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Comment: Dilution Factor (Score 1) 1050

by Wild_dog! (#49611495) Attached to: Two Gunman Killed Outside "Draw the Prophet" Event In Texas

If there were thousands of such events that Lampooned not just Muhammed, but all religious trappings, each year.... would this sort of lunacy of attacking people over cartoons become less common?
If the scope of the event was big enough would become more of the norm throughout the world?
Seems like killing people over imagery should be what is not tolerated in a civilized world.
That sort of thing is what needs to be extincted.

Comment: Re:Far too expensive for a used car (Score 1, Insightful) 65

by wisnoskij (#49606813) Attached to: Tesla Adds Used Models To Its Inventory, For Online Purchase
Theoretically, I would like to see in a few decades if a Tesla engine lasts any significant amount longer than a standard well made combustion. And batteries really take the place of the engine for a combustion car (they are really the heart and soul of the electric car, on which everything else depends). They are super expensive, and I have yet to see any battery tech that lasts over 4 years, and normally it is performing far worse than optimal at a fraction of that time. I think Tesla claims that theirs are suppose to last well, but still not anywhere near where a few years of wear is not a significant chunk out of their value.

Comment: Re:More religious whackjobs (Score 1) 279

That's the bad part of the slew of modern colonial land grabs. They took the land and moved in but failed to exterminate the natives. Now Israel is in a constant state of war that is unlikely to end for centuries at least, and there are probably half a dozen if not a lot more native communities in a constant state of being continually victimized by their colonial overlords while also leaching resources off this majority and far more harmful fragmenting people. The Native continuities in Canada are neither good for the natives nor the settlers who moved in.

Comment: Re:Perspective (Score 1) 174

I do not think that all or even most experimental psychology studies use brain scans to gather the results. Instead they ask the participant what they think. A physicist does not ask a rock if it thinks it fell quicker with weights attached to it, he simply measures the fall. Furthermore, not only do we not understand the brain enough to really know exactly what we are looking at when we take a scan of the brain, but the brain is such a mutable object that you cannot really compare one to another the same way that you can with other organs. You can cut away as much as 50% of a live working brain and still have a live working brain, which have switched functions that used to be done in the gone part into entirely different parts of the brain; That is akin to cutting out someones liver and having the heart take over the duties of blood cleaning.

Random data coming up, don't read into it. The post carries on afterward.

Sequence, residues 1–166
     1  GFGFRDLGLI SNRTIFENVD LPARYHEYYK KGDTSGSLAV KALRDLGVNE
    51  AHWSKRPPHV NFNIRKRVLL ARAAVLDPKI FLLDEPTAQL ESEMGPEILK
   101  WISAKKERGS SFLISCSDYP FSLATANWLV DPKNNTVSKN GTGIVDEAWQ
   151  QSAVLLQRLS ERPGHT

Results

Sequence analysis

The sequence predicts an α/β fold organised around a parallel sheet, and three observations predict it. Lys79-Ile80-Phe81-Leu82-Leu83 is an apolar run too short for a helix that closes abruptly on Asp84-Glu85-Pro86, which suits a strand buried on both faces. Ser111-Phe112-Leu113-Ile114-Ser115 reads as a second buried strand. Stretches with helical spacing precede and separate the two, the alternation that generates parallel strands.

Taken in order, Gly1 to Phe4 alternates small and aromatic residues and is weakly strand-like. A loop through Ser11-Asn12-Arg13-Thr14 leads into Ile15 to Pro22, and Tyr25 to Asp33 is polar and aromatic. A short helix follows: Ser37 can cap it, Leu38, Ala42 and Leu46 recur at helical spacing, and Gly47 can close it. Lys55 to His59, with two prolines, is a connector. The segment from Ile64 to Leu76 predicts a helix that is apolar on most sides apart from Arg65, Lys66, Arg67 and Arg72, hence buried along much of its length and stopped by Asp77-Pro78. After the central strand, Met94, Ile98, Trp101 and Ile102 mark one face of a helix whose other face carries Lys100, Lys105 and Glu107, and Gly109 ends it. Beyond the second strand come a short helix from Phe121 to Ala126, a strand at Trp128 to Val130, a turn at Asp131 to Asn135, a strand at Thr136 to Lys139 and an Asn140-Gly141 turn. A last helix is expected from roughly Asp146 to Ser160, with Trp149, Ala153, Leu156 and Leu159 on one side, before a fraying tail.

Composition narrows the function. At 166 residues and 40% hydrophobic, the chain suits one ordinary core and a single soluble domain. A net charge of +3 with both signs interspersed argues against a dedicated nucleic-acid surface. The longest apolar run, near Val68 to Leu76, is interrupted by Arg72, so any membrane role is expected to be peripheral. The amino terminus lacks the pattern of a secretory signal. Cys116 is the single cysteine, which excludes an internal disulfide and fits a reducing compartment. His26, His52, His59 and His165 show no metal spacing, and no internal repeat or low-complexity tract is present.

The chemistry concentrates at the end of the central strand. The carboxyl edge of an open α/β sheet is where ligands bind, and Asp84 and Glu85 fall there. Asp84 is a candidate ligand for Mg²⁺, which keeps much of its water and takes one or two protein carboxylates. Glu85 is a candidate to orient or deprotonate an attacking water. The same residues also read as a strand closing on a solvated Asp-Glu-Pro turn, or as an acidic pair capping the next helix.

Comment: Perspective (Score 4, Interesting) 174

You need to put this in perspective. Sure, psychology is wishywashy field filled with pseudo science. But apparently their studies are about as reproducible as a bunch of the hard sciences fields. If there is anything that reproduciblility studies have taught us is that if there is around a 50% chance your result is correct than you are around the norm, in a great many fields. This 39% would make them about on par with what I remember from medical/cancer reproduciblility studies.

Comment: Re:Wait... (Score 1) 210

by wisnoskij (#49589101) Attached to: Yes, You Can Blame Your Pointy-Haired Boss On the Peter Principle
People expect continual pay raises in the west. Unless you are constantly getting fired or are incompetent you expect a few raises a decade. Eventually they have to promote you to a higher paying job or fire you because your salary would just be too big for the work you do. People expect a progression. And there is definatly a non -insignificant percentage that get it.

Only through hard work and perseverance can one truly suffer.